Got a call from my sister Saturday asking if I could go over fix her kitchen ceiling light. It had stopped working a few weeks ago, and she was getting tired of cooking in semi-darkness. My brother-in-law was no help; he doesn't "do electrical". He's afraid of working on anything he can't see. (I keep telling him you can see electricity...just stick your finger in a hot light socket and you'll see all kinds of electricity.)
So I grabbed my meter and a couple of screwdrivers and went over to my sis's house. A couple of quick checks showed there was no power to the bulb sockets, so I turned off the switch and loosened the fixture so I could see if there was power to the fixture. I gently pulled it down from the ceiling, with the wires still attached. I could tell things weren't right when all the other lights in the kitchen started to flicker. I froze in my tracks and hollered to my BIL to go kill the power at the breaker. After a quick glance, I'm pretty sure I spotted the problem. I didn't have the presence of mind to take any pics of everything in place, but here's the aftermath of what I found:
The cremains of one of the wire nuts:
The fiberglass insulation between the fixture and the ceiling...where the wiring had been laying:
The light fixture had stopped working a few weeks ago after one of the light fixture leads had melted and became disconnected. No telling how long it had been heating up each time the light was turned on. The house has aluminum wiring, and much of it was done by a previous owner who had no clue what he was doing. The melted lead was originally attached to a pair of solid aluminum wires that had been stripped of their insulation about 3", then twisted together and wrapped with electrical tape. (The tape, of course, was fried by the time I found it.) I'm no expert, but I don't think that's the way it's supposed to be done.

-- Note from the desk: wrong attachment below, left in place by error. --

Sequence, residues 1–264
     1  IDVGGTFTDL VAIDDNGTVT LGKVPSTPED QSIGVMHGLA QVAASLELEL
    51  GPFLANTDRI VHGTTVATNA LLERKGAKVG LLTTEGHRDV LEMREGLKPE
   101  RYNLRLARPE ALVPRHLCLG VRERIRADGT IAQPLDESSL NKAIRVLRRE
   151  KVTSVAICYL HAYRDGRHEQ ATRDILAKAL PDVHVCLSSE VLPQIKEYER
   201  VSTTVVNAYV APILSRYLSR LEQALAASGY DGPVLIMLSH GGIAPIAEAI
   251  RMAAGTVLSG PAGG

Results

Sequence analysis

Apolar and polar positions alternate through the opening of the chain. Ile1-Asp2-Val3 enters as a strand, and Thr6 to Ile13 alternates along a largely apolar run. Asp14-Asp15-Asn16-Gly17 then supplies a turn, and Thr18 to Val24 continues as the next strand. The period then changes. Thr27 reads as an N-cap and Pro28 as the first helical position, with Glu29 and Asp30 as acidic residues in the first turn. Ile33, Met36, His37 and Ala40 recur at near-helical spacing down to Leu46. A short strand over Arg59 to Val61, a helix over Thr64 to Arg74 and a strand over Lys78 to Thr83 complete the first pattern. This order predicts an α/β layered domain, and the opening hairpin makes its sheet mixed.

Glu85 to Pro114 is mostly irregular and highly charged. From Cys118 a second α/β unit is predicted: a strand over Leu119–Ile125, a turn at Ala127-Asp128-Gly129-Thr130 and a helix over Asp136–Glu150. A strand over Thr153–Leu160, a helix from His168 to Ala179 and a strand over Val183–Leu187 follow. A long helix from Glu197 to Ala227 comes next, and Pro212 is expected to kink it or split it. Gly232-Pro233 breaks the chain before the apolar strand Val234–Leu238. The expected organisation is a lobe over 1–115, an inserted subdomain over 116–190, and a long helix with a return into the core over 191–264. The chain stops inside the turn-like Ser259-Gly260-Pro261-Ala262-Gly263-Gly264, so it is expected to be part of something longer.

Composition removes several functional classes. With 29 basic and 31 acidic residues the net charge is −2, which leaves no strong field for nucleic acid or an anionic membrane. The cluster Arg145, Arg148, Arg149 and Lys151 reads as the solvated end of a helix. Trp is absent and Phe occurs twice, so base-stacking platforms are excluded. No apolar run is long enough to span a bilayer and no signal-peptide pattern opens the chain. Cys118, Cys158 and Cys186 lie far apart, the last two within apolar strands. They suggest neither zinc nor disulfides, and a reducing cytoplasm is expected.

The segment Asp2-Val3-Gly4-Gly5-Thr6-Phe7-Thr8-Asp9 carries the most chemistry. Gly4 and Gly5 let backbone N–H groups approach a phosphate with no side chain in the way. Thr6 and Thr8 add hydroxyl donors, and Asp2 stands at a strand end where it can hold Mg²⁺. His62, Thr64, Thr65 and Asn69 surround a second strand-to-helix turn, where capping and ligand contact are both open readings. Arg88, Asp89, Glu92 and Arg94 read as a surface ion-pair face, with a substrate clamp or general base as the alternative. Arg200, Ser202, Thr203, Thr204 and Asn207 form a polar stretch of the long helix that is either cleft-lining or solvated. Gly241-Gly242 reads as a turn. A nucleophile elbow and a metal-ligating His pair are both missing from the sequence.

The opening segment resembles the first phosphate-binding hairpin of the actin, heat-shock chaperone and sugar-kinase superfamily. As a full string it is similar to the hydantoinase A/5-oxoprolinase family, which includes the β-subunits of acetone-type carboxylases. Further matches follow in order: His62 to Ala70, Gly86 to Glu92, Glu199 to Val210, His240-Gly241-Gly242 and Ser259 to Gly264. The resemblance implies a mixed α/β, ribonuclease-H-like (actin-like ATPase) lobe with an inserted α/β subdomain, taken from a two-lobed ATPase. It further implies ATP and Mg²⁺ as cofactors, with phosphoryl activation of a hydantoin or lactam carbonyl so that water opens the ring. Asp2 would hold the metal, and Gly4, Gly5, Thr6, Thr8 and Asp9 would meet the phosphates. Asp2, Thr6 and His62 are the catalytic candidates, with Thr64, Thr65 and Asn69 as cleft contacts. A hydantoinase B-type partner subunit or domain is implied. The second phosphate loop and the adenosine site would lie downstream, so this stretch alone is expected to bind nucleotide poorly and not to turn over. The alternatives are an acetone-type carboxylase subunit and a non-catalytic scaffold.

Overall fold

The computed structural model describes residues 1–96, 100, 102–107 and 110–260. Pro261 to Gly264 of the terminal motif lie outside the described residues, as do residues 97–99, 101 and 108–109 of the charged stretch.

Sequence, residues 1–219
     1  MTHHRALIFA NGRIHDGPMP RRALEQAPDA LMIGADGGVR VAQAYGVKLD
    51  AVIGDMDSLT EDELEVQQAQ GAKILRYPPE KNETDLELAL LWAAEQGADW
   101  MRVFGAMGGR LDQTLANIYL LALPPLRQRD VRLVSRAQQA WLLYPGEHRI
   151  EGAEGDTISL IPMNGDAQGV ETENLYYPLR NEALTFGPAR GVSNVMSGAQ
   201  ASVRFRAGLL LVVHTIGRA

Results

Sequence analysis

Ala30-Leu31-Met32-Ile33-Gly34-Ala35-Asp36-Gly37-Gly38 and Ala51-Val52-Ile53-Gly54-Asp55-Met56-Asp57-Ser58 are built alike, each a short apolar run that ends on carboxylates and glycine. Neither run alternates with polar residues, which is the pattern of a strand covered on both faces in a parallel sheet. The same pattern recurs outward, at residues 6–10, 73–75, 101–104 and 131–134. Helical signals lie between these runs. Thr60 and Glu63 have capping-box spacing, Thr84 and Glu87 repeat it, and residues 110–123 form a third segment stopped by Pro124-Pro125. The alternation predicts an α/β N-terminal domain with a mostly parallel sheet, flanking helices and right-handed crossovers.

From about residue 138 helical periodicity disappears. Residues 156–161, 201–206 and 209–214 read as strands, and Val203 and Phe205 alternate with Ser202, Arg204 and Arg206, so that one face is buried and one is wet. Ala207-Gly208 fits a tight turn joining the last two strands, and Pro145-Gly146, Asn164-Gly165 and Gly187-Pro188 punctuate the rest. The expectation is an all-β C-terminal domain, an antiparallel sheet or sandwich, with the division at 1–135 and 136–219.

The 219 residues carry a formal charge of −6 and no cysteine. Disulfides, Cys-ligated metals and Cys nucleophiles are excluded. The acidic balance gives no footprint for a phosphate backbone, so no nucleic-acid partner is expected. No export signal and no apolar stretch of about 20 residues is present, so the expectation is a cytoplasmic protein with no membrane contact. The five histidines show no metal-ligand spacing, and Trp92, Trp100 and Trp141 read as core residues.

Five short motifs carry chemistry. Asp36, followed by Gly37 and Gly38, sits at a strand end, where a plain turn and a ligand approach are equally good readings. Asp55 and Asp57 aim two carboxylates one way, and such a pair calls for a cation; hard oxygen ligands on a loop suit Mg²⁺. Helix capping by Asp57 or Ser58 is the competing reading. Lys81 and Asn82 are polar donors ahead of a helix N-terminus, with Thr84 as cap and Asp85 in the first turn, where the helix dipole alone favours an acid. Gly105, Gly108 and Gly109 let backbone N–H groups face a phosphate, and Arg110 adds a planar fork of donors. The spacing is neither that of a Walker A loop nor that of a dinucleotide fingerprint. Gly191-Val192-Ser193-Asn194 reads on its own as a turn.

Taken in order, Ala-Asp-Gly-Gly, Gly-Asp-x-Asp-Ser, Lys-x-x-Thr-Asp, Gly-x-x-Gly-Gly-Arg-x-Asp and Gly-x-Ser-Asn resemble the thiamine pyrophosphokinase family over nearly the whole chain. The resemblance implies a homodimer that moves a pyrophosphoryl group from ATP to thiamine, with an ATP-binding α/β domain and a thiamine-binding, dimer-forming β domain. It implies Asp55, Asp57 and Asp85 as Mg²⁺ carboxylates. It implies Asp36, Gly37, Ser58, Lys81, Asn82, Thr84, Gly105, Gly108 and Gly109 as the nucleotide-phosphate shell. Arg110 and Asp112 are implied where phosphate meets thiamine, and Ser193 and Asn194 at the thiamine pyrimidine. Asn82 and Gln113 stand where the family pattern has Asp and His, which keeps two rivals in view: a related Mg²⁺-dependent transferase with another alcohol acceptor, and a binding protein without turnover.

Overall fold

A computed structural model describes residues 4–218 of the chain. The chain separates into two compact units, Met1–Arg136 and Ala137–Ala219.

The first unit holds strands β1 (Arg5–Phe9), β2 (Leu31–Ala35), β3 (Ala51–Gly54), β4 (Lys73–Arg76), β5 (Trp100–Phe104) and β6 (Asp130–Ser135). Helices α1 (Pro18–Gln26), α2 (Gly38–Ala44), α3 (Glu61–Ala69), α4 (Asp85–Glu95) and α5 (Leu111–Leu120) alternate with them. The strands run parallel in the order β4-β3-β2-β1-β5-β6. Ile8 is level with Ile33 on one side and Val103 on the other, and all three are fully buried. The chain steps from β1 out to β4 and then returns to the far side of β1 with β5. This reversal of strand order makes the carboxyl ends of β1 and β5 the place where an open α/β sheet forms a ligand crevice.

I have virtually no experience with aluminum wiring, so at that point I told my sis and BIL that their problem was outside my level of expertise and that they needed to call in a pro who knows how to deal with aluminum to copper connections. Fortunately, one of their family friends is a journeyman licensed electrician who's willing to come take care of it for the cost of materials and a good meal.
We spent the rest of the afternoon marveling at the fact that they had truly dodged a bullet, and how fortunate they were that their house hadn't burned down a few weeks ago.